It’s time to count on dragonflies

Everyone can help record dragonflies in their garden or local area. Picture: Dinah Goom/ Citizenside

Everyone can help record dragonflies in their garden or local area. Picture: Dinah Goom/ Citizenside. - Credit:

Pam Taylor tells how you can help in a national dragonfly survey

We're officially into springtime now, although it hasn't felt like that in recent weeks. I have to hope however that the new dragonfly season will begin around mid-April, so now is the time for planning.

The British Dragonfly Society is currently preparing for its State of Britain's Dragonflies 2020 report and with publication planned for Dragonfly Week in July that year, we only have two recording seasons left. This is where each and every one of you can help.

All dragonfly records, even casual sightings, are useful for distribution mapping. More valuable still are those lists of all the species you have seen on any particular visit to a wetland site in reasonable weather conditions. These 'Complete Lists', if recorded within a single monad (one km grid square), can help show where a species is increasing, decreasing or stable over time.

The first trend analyses for dragonflies were shown in the national atlas published in 2014. At that time several species gave rise for concern, triggering species specific recording projects and conservation actions. The new state of dragonflies assessment will bring our information up-to-date and inform conservation.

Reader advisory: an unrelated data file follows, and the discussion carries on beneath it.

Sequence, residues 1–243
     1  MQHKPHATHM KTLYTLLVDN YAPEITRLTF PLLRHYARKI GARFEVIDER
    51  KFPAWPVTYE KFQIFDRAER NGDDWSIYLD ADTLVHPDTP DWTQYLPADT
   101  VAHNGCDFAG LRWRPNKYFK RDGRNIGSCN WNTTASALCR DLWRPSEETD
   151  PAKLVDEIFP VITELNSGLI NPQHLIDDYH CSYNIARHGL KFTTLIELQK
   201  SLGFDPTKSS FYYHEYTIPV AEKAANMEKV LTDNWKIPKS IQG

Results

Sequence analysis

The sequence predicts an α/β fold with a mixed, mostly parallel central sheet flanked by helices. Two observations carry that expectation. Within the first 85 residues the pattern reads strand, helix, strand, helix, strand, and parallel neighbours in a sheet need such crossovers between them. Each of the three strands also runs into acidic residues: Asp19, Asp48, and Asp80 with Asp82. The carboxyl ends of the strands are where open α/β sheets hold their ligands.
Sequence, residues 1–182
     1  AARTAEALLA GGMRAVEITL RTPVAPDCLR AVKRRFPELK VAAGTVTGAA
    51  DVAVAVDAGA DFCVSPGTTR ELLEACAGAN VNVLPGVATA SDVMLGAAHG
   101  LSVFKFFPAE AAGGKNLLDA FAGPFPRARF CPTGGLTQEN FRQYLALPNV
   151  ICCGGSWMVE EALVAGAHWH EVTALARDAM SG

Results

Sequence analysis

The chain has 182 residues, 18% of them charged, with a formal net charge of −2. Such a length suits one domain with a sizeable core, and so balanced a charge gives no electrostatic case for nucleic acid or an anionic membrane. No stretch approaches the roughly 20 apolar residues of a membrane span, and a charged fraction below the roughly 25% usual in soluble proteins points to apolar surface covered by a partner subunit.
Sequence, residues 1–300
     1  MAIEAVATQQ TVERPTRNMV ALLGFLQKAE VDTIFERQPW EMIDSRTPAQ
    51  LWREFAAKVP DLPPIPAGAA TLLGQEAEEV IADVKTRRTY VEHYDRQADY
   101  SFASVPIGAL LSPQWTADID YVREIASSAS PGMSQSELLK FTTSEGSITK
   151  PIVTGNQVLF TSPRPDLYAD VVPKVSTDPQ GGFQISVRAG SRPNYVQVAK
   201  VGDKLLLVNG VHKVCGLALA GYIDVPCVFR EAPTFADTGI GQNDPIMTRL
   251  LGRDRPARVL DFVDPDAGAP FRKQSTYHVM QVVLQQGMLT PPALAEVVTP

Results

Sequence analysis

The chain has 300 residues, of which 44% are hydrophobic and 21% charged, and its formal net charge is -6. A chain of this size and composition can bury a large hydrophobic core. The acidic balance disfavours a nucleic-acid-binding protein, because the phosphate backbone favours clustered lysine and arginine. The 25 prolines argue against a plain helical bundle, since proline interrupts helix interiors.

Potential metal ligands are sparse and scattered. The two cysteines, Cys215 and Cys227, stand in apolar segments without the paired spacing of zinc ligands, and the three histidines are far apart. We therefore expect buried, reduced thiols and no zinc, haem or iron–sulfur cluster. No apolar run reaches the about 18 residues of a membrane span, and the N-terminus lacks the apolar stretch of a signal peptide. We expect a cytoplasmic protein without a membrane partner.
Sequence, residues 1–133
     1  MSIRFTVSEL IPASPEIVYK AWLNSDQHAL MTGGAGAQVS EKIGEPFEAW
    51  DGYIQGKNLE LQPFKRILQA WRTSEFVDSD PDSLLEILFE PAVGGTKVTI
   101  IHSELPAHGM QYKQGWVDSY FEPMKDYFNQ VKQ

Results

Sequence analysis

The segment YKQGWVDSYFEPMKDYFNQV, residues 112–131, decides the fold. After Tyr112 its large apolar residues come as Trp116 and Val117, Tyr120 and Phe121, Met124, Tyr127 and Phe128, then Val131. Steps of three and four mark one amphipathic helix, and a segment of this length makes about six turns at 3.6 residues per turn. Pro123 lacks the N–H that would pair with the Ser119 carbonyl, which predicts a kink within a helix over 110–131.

Adopting a site, like your local pond or nature reserve, and making repeat visits throughout the season, takes your dragonfly recording yet another step up the ladder.You will be able to find out the best areas for breeding and foraging dragonflies, as well as assess the effects of any management work carried out.

If all of this sounds rather complicated there are full explanations of everything on the BDS website. The most important thing to remember though, is that dragonfly recording should be fun. As the days lengthen, keep a look out for those first few large red damselflies, four-spotted chasers and hairy dragonflies. Their wonderful colours and agile flight will soon be foretelling the arrival of summer. One swallow may not make a summer, but for me the very first damselfly emerging from its larval case to take its maiden flight certainly does!